a string consisting of 1,000,000 a's

    57338A4C  C33E70D4  3A3D3AD7  E93C85ED  E6996CCD

     

    an empty string

    7A790886  F5044A7B  DA812BA8  BFC286C4  F51E7B34

     


    Developer Consultant
    Friday, November 28, 2008 4:26 PM
    Moderator
  • Tom, thanks!

    I used these to verify my sosha1 implementation, and to my surprise, it was 100% correct. Unfortunately, that means that something else is still misinterpreted or otherwise wrong here..

    #include <string> 
    #include "SonOfSHA1.h" 
     
    int main() 
    // document without white space NWS(D) 
      const char *document = "1;dQBzAGUAcgAxAEAAZQB4AGEAbQBwAGwAZQAuAGMAbwBtAA==;Sosha1_v1;7;{d04b23f4-b443-453a-abc6-3d08b5a9a334};cwBlAG4AZABlAHIAQABlAHgAYQBtAHAAbABlAC4AYwBvAG0A;Tue,01Jan200808:00:00GMT;SABlAGwAbABvAA=="
     
    // H(NWS(D)) 
      unsigned int dm[5]; 
       
      SonOfSHA1 sosha11; 
      sosha11.Reset(); 
      sosha11.Input(document, strlen(document)); 
      sosha11.Result(dm); 
     
     
    //  const char *solution1 = "BjHi"; 
      const unsigned char solution1_binary[3] = { 0x06, 0x31, 0xe2 }; 
       
       
      // concatenate(solution, H(NWS(D))) 
      SonOfSHA1 sosha12; 
      sosha12.Reset(); 
      sosha12.Input(solution1_binary, 3); 
      sosha12.Input((unsigned char *) dm, sizeof(dm)); 
      // and make hash H(concat(solution, H(NWS(D)))) 
       
      unsigned int h[5]; 
      sosha12.Result(h); 
       
      // so now last 12 bits of h should be..? 
       
      printf("0x%08x\n", h[0]); 
      printf("0x%08x\n", h[1]); 
      printf("0x%08x\n", h[2]); 
      printf("0x%08x\n", h[3]); 
      printf("0x%08x\n", h[4]); 
       

    And what I get for output is this:

    0xba032717
    0x00257803
    0x1ec08a09
    0x5324afed
    0xfc0f832f

    It is to my understanding that 12 same bits would mean that at least one of the individual bytes would have all bits the same.. which I fail to see here..

    Please, I am starting to be desperate on this, as there are some people up the food chain that are breathing into my neck to get this done...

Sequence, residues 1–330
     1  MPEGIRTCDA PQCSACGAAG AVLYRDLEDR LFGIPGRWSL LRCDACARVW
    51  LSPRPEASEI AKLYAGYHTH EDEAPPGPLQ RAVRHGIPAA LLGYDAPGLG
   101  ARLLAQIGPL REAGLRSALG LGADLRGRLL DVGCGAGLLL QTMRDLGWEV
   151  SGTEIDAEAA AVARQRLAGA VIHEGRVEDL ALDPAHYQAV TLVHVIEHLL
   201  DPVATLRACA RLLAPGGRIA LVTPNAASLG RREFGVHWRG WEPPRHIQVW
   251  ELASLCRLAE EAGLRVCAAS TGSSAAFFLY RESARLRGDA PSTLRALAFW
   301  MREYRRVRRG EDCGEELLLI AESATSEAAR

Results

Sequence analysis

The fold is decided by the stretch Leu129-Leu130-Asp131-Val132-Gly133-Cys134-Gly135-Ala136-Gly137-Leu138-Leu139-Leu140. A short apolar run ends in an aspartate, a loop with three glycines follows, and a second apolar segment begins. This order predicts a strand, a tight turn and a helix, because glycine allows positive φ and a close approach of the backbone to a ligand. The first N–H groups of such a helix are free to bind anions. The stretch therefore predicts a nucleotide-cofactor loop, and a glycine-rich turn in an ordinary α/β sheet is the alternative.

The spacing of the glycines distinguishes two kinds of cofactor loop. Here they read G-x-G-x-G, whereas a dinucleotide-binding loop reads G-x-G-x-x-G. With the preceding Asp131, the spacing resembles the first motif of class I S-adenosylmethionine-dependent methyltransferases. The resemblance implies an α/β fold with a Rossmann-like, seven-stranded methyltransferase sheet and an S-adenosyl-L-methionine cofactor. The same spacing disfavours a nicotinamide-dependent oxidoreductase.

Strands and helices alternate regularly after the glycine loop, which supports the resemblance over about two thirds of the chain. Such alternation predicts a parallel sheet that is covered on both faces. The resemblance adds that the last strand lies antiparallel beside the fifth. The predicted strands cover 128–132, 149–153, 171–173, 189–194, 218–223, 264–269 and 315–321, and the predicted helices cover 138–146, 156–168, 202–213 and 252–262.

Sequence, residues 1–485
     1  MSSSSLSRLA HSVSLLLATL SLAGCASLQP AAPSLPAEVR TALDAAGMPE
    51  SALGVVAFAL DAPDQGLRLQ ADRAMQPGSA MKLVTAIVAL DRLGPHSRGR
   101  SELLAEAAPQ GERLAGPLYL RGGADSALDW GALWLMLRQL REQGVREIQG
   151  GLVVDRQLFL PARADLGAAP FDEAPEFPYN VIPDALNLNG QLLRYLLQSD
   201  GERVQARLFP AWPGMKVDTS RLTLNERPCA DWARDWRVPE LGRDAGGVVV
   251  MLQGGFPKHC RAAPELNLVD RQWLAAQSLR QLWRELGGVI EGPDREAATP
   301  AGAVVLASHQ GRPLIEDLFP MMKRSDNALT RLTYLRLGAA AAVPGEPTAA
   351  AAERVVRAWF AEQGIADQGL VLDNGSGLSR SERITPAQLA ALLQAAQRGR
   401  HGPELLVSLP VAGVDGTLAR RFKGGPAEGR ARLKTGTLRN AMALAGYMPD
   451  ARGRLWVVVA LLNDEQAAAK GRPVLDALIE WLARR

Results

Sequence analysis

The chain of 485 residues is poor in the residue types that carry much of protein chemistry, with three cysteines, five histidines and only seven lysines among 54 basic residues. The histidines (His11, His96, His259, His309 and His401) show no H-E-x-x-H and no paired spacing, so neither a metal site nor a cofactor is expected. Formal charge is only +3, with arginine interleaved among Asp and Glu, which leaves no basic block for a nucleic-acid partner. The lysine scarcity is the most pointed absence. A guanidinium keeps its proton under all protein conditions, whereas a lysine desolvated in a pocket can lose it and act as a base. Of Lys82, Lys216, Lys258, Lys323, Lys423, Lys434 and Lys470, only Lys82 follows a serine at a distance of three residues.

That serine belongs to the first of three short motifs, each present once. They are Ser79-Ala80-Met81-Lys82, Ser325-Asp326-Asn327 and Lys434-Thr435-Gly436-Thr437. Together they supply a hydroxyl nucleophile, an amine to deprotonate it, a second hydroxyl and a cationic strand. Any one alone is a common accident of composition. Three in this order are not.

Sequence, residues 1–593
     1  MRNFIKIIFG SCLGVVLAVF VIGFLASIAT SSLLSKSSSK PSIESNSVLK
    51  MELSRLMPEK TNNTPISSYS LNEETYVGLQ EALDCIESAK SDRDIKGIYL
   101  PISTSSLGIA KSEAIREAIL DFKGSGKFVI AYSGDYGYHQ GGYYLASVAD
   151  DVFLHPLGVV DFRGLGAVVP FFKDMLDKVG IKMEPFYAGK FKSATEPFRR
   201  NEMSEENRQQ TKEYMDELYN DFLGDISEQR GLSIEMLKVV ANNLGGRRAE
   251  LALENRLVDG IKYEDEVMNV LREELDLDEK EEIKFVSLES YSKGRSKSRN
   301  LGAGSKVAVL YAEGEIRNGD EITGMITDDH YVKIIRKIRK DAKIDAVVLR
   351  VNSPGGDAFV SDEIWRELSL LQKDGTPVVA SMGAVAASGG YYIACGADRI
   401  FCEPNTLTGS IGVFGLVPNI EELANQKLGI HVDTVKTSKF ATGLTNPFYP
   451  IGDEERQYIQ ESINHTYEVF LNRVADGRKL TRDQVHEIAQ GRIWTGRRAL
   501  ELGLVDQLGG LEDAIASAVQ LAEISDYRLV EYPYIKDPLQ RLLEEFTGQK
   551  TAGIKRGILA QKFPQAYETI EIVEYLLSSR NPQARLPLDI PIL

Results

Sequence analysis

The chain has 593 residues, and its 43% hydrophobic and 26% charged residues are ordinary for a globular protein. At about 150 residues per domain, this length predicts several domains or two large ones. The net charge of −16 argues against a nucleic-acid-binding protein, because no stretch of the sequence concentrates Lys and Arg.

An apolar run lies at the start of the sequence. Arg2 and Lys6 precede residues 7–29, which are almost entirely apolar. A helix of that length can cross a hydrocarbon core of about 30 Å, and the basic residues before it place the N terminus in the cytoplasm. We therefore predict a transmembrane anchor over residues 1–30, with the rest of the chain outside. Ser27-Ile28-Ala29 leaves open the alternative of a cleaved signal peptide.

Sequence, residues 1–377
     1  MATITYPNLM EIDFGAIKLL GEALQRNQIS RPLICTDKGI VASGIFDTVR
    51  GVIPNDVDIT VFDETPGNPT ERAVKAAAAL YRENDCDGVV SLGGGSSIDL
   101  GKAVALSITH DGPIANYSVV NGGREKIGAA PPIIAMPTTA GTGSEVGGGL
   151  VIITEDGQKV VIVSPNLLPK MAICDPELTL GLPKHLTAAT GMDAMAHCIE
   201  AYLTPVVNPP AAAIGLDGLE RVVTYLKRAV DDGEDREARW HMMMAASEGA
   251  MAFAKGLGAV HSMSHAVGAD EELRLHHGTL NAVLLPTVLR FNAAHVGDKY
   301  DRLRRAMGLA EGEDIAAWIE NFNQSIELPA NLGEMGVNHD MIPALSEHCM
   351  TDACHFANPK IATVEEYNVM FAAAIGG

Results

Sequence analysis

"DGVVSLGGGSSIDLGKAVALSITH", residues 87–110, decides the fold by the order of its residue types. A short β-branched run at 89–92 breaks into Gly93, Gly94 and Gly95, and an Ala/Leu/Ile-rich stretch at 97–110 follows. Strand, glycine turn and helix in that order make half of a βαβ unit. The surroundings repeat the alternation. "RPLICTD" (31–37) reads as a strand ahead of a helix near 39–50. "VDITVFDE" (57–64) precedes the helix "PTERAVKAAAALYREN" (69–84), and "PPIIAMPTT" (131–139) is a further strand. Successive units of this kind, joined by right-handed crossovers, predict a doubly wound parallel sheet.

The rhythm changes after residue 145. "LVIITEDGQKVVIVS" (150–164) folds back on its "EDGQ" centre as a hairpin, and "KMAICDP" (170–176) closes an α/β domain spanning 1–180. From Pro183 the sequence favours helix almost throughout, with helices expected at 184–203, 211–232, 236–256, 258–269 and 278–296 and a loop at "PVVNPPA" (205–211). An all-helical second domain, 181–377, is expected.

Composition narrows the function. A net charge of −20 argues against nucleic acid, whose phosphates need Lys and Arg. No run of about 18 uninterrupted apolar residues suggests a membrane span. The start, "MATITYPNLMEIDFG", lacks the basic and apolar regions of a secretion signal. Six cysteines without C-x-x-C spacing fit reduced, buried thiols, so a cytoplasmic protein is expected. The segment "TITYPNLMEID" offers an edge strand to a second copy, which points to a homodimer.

Tuesday, December 16, 2008 7:22 PM
  • Hi Vladimir,

    Sorry I missed your follow-up as I have been on holiday.  Were you able to resolve this?

    I passed your feedback to the developers who gave me the test data above.
    Developer Consultant
    Thursday, January 8, 2009 8:12 PM
    Moderator
  • Vladimir,   Where you able to figure this out? 


    Developer Consultant
    Thursday, January 15, 2009 7:19 PM
    Moderator
  • Marking as Answered since there has been no response.


    Developer Consultant
    Saturday, January 17, 2009 1:14 AM
    Moderator
  • Sorry Tom, I was at the other side of the world too.

    Anyway, couldn't figure out what is wrong with my example.

    Can you please get in touch with developers and to find out why my example is not working. The alg is 100% correct, and if the docs are correct too, then I must have been doing something completely wrong.

    Thanks



    Thursday, January 22, 2009 10:09 PM
  • Looks like you are trying to compare the last 12 bits of h[0] through h[4].  According to the spec,  you first must compute an h for each solution, and then verify that each h for each solution that has the same last 12 bits.

    You should have a DWORD h[16][5], and compare the last 12 bits of h[0] through h[15].


    Developer Consultant
    Thursday, January 22, 2009 11:28 PM
    Moderator